Designing a Data Model for Communication in a Home Energy Hub

Published: Fri 20 Jun 2014
A blog entry by Sasha Bermann

Contributed by:

Sasha Bermann
Chief Dissemination Officer

Sasha Bermann's Blog

The eBADGE consortium is currently conducting a project pilot to design an early prototype, to be further developed at a later stage, for a data model for communication between all relevant stakeholders in a home energy hub – which is what eBADGE further down the line will create as part of the project.


The Pilot

The required communication in the eBADGE pilot can be divided into multiple levels where different entities communicate:

1) energy resources, energy storage, smart meters, home energy hubs (gateways), VPPs, microgrids, DSOs, energy providers exchange messages with home energy usage profiles, VPP activation commands and similar,

2) VPPs and other BSPs (balancing service providers), e.g. traditional generators, send bids to their TSO, who send activation commands back,

3) in an international balancing market based on the TSO-to-TSO model, TSOs forward bids to a common merit order list and coordinate balancing energy allocation from this list. No messages pass the level border (for example, the home energy hub never communicates directly with a TSO). Each higher level contains less message volume but must be more resistant to attacks and failures. In this document we will refer to the first level as the home energy hub (HEH) level and to the remaining two levels as the market level.


Ideally, all levels can be covered using the same technology. However, the actual communication channels must be isolated so that a potential attack on a home energy hub does not pose any threat on the market level.

In the eBADGE pilot the maintenance of the common merit order list and the coordination of balancing energy allocations from this list will be simulated through a central market operator. The role of the latter also includes the process of selecting the optimal bids in any given moment not only with regard to its price but also its dispatchability to the target area given the capacities and flows in the network. To encompass this complex role, we refer to this central market operator as a super-TSO. The main purpose of the market level and the simulator is to demonstrate the regulatory and economic feasibility of an integrated balancing market and the increased social welfare that such a market would provide. The implementation challenges beyond this pilot are mostly regulatory and information technology is secondary. On the other hand, the HEH level of the pilot also strives to demonstrate the technical feasibility of using a large number of households or small businesses as demand response resources. It is therefore conceivable that commercial projects following this pilot will strongly consider re-using the HEH-level technology developed here, while for the market level this is far less likely. Consequently, when one technical choice is optimal for the HEH level and another for the market level, we will most often choose the former over the latter.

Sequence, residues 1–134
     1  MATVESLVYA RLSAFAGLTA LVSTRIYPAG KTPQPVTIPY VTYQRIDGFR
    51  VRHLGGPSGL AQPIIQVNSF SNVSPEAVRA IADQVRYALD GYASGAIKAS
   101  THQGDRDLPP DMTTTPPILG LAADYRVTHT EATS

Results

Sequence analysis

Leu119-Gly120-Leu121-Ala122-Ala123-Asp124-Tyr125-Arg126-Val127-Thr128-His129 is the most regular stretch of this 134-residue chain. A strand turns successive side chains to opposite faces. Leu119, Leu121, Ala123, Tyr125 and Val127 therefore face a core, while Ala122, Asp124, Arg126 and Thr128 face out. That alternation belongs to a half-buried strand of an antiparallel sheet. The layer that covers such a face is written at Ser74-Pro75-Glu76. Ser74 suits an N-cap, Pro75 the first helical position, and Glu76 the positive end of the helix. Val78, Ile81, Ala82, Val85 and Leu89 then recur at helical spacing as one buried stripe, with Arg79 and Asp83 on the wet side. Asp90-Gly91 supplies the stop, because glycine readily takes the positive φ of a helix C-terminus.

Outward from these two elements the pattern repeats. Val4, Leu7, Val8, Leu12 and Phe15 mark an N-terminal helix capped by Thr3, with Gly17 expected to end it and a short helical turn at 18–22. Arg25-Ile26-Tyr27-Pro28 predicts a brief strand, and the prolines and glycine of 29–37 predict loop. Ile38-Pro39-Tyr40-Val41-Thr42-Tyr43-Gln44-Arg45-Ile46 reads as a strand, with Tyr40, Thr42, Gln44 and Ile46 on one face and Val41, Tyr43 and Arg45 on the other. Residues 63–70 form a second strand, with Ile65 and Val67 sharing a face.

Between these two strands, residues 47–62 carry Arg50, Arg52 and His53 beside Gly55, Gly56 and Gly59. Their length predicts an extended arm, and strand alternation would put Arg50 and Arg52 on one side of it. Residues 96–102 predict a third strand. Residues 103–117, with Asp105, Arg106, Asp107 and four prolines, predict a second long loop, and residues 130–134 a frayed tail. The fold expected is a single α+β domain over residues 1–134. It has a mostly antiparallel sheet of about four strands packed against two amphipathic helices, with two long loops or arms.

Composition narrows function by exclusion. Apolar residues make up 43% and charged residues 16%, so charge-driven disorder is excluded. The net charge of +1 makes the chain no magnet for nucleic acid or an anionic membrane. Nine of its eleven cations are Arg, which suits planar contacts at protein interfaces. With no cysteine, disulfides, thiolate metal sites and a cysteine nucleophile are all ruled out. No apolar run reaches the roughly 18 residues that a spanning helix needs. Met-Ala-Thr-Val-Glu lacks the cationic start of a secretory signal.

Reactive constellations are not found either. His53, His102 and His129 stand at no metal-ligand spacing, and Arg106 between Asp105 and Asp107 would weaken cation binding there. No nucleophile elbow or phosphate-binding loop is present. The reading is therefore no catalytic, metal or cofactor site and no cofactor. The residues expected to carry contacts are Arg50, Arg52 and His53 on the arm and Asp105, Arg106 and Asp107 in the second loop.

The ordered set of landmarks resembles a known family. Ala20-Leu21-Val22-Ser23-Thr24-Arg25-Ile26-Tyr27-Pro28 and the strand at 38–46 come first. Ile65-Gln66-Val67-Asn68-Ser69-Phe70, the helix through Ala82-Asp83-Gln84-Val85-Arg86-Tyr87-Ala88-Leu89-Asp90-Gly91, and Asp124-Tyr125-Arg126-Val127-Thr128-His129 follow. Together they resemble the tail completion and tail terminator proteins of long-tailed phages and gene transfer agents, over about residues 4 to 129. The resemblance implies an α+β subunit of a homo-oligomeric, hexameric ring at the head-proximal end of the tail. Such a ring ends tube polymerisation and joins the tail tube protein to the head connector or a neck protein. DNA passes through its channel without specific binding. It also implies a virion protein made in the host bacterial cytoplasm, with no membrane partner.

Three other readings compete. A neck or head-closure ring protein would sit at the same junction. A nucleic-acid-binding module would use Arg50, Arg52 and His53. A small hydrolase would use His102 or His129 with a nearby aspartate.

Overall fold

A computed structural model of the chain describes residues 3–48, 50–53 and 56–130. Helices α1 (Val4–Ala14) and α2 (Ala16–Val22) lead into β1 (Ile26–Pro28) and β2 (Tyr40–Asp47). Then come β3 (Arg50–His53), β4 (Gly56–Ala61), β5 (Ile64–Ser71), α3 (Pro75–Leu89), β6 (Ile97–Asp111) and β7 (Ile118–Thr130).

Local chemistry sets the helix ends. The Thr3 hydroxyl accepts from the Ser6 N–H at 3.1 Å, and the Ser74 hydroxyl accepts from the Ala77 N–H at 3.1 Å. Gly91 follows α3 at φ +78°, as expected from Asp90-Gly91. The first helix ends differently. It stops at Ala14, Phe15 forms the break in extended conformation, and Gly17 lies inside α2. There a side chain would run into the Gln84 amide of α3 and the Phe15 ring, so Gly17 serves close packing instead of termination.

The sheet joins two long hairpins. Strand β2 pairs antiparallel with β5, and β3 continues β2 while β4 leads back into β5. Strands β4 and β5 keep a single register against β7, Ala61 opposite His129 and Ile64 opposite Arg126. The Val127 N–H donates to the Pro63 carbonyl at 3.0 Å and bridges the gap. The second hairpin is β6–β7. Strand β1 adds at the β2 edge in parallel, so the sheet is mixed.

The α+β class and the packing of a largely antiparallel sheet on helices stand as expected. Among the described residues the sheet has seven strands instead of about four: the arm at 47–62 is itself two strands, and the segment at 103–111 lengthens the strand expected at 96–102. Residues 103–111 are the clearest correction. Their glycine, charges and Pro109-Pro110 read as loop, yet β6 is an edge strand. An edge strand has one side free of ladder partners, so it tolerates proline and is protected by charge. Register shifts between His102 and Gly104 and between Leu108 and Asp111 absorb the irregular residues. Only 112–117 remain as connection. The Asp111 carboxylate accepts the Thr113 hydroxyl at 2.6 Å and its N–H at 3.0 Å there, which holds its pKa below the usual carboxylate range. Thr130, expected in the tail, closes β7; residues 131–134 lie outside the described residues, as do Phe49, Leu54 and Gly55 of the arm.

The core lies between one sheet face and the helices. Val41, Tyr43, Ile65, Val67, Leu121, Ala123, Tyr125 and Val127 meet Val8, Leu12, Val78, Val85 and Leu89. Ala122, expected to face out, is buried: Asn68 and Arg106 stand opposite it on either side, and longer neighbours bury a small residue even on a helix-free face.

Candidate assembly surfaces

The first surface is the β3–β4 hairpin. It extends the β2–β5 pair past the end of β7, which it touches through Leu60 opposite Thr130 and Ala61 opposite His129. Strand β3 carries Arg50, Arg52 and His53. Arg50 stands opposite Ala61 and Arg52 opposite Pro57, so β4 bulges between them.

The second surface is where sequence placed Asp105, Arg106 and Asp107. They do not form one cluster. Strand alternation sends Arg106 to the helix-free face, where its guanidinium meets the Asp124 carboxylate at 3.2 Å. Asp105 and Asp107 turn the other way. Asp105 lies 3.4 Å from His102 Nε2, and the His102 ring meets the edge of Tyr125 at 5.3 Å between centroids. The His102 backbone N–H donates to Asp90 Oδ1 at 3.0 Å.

Home Energy Hub Level Requirements

The basic business idea is a VPP aggregating the demand-response potential of many end-users (through HEHs) and selling it as balancing energy on the market. More elaborate scenarios are being developed in WP4 where, for example, telecommunication companies may offer data acquisition from HEHs and data storage, and DSOs and energy providers also take part in end-user-level demand-response. However, for this version of the data model, we shall restrict ourselves to the basic case. Thus, this level of the data model defines how the metering data is communicated from the HEH to the VPP or other relevant entity, how the activation commands are communicated back, and various status inquiries/reports. We estimate that the demand-response potential of a single home is in the order of 1 kW, so thousands of them must be aggregated to provide megawatts to the balancing energy market. Thus, the data model must be scalable to at least thousands, preferably tens of thousands HEHs per VPP. Since two VPPs can (and most often should) use completely isolated channels to communicate with their HEHs, the total number of VPPs is not the limiting factor for the HEH-level communications. The HEH has to be able to send the following reports:

• Power usage and generation profile for the whole building,

• Power usage and generation profile for each device (load, generator or storage) that is measured individually,

• Anomalous events, such as power outages, overvoltages,

• Detailed, high-resolution profile (U, I, P, Q, S, harmonics; or a subset of those if not all are being measured),

• Predicted load and generation profiles for the smart devices that are able to predict their usage (for example, after a user has set a washing machine cycle, the usage for the whole cycle could be predicted easily),

• HEH status,

• Capabilities of the HEH and of individual devices.